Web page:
Our analysis was designed specifically to assess the cost-effectiveness of levocetirizine relative to other oral prescription medications for the management of AR symptoms, where effectiveness is defined as clinically relevant improvement in RQLQ. Our model indicates that levocetirizine has greater RQLQ improvement and is less costly than montelukast for the management of AR in patients without asthma who require daily corticosteroids. However, because the 95% CI of the ICERs comparing levocetirizine with the other comparators cross zero, levocetirizine does not have complete dominance over the SGA comparators.

The 95% CI of the ICER comparing levocetirizine with desloratadine was wide (–$10,138 and $17,275, respectively; Table 3) for 2 reasons. First, only 2 trials had usable data for changes in RQLQ for levocetirizine, and only 1 study for desloratadine. With such few studies, the resulting variability from the SMD in RQLQ score was large. Second, the difference in probability of a clinically relevant improvement between the 2 drugs was small (16.1% and 13.8%, respectively). When the denominator in an ICER is a probability, a small difference between the 2 comparators leads to very large CI estimates. As additional comparator-specific information on QoL becomes available, the precision of these estimates will be increased and judgments about their relative effectiveness and cost-effectiveness will become more accurate.

Overall, the ICER CI values were very wide, which again reflects the lack of multiple studies for the comparators. For example, the variation for montelukast is smaller than for desloratadine, because there are more montelukast trials with RQLQ data. Although the results are valid for the specific sample sizes, the relatively small number of studies results in CI values that might have obscured effects of clinical significance for improved QoL.32

Several prescription and OTC medications are approved for the relief of AR symptoms, including nasal corticosteroids, antihistamines, decongestants, and leukotriene receptor antagonists. Although the use of these agents and combination therapy is common for AR management, it was unreasonable to include all these options in our analysis, because of the lack of RQLQ outcomes data and because of the sheer number of potential comparators. We therefore opted to include comparators available only by prescription, because our goal was to address issues relevant to prescription drug benefit managers. Many health plans do not reimburse for OTC medications.33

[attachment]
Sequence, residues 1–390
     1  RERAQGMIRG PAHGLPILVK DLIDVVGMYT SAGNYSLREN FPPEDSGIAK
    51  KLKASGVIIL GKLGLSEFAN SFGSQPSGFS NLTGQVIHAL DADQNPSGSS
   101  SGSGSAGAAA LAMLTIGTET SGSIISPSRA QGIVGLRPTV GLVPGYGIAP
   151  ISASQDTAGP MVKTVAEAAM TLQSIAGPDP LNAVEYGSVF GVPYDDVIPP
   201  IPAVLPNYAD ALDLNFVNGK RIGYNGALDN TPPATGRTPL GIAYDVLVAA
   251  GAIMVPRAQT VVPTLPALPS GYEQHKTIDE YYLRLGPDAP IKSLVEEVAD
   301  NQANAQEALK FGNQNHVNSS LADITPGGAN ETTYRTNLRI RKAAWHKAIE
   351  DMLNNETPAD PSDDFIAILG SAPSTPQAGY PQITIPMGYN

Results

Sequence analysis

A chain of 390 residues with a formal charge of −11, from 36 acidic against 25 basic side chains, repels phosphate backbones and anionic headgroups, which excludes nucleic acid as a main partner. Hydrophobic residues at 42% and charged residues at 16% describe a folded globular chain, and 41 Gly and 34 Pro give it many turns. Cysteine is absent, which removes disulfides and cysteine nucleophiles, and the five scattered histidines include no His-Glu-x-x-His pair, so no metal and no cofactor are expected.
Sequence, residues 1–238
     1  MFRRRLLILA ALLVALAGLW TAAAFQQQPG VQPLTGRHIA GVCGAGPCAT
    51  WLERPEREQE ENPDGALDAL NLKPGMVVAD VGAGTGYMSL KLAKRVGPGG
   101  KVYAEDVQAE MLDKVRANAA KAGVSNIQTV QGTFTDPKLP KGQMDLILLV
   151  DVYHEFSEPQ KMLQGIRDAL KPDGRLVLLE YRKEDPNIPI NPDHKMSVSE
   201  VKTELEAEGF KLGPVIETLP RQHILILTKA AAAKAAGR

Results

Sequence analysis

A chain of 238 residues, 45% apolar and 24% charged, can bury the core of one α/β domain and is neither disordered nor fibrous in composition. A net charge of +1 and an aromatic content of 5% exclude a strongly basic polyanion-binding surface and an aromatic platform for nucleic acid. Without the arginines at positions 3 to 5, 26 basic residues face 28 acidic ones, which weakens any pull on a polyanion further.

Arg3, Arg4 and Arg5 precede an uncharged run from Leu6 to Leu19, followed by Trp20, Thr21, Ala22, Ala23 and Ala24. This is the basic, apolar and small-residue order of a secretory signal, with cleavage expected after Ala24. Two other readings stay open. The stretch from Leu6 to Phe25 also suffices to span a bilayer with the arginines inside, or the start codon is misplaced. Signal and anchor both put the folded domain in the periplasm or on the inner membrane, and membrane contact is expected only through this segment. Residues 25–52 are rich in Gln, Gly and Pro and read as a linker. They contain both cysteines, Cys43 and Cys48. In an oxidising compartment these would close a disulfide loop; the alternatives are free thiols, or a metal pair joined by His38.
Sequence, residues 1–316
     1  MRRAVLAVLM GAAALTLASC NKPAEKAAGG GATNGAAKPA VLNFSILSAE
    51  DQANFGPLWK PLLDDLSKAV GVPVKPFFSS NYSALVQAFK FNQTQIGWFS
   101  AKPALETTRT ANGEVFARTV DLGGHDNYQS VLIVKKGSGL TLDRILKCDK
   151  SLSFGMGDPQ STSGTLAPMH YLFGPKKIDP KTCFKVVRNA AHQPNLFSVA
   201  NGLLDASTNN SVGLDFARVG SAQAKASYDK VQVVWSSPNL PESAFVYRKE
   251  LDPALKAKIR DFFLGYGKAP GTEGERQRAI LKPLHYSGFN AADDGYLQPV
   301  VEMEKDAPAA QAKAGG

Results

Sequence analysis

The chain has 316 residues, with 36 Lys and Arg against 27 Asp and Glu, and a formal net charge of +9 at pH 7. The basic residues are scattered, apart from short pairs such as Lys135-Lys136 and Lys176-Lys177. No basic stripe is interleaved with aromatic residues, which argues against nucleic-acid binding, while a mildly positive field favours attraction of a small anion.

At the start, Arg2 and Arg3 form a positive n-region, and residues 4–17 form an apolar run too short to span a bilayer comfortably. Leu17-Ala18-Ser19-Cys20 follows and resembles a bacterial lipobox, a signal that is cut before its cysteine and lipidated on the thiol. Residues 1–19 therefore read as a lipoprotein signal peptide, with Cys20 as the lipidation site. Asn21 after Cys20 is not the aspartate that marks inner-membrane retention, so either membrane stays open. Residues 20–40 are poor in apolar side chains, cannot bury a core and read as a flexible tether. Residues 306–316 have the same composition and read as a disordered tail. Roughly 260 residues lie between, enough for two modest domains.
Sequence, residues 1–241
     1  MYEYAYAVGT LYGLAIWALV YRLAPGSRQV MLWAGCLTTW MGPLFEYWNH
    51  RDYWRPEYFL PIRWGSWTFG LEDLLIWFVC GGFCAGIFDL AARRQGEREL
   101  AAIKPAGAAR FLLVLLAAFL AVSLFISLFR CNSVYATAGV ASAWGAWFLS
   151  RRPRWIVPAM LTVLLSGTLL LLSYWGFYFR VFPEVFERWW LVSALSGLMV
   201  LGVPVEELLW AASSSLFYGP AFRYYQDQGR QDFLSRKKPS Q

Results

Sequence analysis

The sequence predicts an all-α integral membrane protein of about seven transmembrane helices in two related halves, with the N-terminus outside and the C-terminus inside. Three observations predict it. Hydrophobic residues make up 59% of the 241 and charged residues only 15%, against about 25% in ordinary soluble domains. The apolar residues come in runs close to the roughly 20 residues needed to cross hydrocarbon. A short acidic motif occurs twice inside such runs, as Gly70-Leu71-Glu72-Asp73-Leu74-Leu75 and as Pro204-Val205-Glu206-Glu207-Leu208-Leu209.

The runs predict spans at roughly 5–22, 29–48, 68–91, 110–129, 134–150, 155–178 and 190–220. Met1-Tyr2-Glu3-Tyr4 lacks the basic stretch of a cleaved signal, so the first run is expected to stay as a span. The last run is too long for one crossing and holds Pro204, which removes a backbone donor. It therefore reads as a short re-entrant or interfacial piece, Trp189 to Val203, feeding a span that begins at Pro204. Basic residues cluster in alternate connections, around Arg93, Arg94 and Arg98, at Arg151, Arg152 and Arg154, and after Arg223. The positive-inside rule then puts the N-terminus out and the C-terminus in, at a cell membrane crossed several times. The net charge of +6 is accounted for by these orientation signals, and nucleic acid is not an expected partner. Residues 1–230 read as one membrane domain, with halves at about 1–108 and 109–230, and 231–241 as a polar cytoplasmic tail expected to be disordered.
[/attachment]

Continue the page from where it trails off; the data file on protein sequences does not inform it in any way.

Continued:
Our model included direct costs only, specifically drug costs and outpatient physician office visit costs for AR. The literature indicates that a sizable amount of the economic burden associated with AR is because of lost productivity from absenteeism and presenteeism.34 An employee survey showed that employees with AR were absent roughly 3.6 days annually due to this condition and lost 2.3 hours per workday in productivity when symptoms were present. In our analysis, indirect costs were excluded due to lack of data substantiating differences in indirect costs between individual model comparators, which may be related to the short duration of most AR clinical trials. Other costs not accounted for in our model include costs associated with lack of effectiveness and adverse events.

Several potential limitations of this study warrant discussion. Our rigorous inclusion criteria might have led to unintended bias. For example, Meltzer and colleagues only reported on the significance of a single RQLQ domain, so this study was not included in our analysis.35